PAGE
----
The business training company’s head of sales and marketing had made sporadic attempts to clean up that database. But customer scoring standards or procedures had never been devised. None of the department’s staff could have been entrusted to understand which names need to be removed from “to promote” segment and which were to remain.
Decisions were left to the overworked head of department who was spending most of his time devising new marketing communications, new ideas for sales and new traffic sources to promote to.
There was a column in the CRM system which asked whether the account should be removed from “to promote” list, left on, or for new prospects, added to the list. There were practically no removals, almost always additions.
Whenever there was any doubt expressed about leaving a name on the “to promote” list or dropping it, the optimistic marketing and sales managers invariably insisted upon leaving it on – “After all, it only costs a few cents or dollars to send a direct mail piece / make a phone call / send an SMS text etc. to this fellow… and who knows? Something might come out of it!”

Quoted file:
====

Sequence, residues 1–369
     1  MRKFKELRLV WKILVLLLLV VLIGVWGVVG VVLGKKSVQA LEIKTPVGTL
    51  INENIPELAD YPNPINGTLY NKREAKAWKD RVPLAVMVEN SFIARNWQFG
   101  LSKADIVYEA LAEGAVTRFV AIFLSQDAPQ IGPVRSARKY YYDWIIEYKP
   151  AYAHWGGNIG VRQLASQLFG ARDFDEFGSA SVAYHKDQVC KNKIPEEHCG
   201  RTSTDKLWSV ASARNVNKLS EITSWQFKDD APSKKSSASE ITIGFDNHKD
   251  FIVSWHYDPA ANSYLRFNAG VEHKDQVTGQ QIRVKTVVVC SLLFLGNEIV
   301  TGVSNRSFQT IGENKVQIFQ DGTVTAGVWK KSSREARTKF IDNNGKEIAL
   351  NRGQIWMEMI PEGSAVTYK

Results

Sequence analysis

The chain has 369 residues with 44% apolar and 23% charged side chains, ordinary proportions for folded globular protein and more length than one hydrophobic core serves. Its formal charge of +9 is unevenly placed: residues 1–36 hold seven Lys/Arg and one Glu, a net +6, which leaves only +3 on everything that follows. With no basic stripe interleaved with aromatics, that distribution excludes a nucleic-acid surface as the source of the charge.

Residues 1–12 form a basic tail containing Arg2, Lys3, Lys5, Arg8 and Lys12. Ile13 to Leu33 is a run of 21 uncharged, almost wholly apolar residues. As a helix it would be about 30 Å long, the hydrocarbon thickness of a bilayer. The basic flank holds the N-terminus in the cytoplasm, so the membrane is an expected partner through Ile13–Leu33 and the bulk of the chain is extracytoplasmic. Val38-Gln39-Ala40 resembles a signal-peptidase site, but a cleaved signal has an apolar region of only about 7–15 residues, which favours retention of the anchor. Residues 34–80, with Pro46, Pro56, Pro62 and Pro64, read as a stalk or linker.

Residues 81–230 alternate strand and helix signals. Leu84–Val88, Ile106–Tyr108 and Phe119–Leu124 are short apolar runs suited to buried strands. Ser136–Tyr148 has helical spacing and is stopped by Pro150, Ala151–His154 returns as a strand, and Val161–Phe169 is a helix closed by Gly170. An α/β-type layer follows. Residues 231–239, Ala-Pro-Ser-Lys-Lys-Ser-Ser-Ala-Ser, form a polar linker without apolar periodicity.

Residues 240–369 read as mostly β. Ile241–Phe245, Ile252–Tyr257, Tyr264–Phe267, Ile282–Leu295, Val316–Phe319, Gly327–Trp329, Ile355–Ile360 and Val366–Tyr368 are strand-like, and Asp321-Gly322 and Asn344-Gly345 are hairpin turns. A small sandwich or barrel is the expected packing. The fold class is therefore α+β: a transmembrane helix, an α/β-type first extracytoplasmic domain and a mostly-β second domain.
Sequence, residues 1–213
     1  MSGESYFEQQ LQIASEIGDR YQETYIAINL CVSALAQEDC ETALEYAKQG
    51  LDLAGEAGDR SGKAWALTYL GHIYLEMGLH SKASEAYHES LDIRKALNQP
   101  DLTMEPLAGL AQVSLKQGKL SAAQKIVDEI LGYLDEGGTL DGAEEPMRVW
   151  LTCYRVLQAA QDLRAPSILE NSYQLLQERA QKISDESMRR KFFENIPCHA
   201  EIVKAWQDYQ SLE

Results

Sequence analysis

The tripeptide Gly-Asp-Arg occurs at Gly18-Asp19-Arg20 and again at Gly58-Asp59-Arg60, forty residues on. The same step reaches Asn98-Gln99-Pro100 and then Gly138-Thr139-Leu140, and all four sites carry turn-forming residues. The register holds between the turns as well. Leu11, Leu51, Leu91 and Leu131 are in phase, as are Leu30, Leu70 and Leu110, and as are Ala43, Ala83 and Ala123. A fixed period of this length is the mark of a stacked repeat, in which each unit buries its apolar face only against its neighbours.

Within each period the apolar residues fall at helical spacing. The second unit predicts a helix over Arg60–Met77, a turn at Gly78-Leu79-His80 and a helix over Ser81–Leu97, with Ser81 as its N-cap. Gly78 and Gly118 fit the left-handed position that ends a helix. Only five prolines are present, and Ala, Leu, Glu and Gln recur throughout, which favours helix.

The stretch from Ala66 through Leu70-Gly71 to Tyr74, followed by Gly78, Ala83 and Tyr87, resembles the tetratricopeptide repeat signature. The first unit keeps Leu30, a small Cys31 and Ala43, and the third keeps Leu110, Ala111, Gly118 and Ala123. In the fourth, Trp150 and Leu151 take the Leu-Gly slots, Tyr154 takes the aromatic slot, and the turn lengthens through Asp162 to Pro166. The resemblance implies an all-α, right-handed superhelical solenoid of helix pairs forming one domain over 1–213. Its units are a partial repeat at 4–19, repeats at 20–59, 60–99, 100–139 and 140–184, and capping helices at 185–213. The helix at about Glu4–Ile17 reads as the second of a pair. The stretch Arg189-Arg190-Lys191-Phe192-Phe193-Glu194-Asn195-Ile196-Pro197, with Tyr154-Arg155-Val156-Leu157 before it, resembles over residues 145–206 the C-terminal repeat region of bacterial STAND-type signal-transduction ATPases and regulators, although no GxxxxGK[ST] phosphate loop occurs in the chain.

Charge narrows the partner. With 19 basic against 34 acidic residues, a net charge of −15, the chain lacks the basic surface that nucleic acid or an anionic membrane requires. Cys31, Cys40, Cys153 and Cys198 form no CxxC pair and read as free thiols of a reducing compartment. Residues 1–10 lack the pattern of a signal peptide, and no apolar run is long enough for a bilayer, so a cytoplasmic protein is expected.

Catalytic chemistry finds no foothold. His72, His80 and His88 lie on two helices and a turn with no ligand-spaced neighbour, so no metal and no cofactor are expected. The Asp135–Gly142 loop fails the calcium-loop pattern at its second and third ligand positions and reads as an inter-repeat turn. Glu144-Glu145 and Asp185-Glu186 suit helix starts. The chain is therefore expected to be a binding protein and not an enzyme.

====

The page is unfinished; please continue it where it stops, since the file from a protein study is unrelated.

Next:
Several sales reps beefed up their “share of the list” by submitting remote prospects. The head of sales and marketing acknowledged he was inclined to go along with these practices because he was psychologically in favor of large campaigns.
Although it was recognized that the “to promote” list was unrealistic, even top management was soothed when they head reports such as “We’ve added a thousand new names to our customer database.”
Over the years, these pressures resulted in a hodge-podge of thousands of names and addresses – scattered among them were those accounts that actually were the life blood of the business.
Telemarketing, direct mail or SMS promotions that were tried had to carry a 85% burden of waste. Not enough contact was being maintained with the really good customers whose orders kept the business running. My analysis showed the campaigning effort was far too broad.
There was no penetration in depth – the business training company was not “staying in there” with its customers. They were not making enough phone / direct mail / SMS contacts and follow-ups to pick up seasonal orders.
Limiting and Dividing the Lists: the RFM Rules of Thumb
There is no law that says all names on all lists should get all mailing pieces or all phone calls. Yet many firms, in actual practice, behave as though there was.
I analyzed the accounts on the mailing and telemarketing list in detail, divided them into categories by frequency of purchase, by date of last purchase, and by total sales volume. After discussion with management we set up a point system for “recency” based upon the common 5-3-2-1 ratio.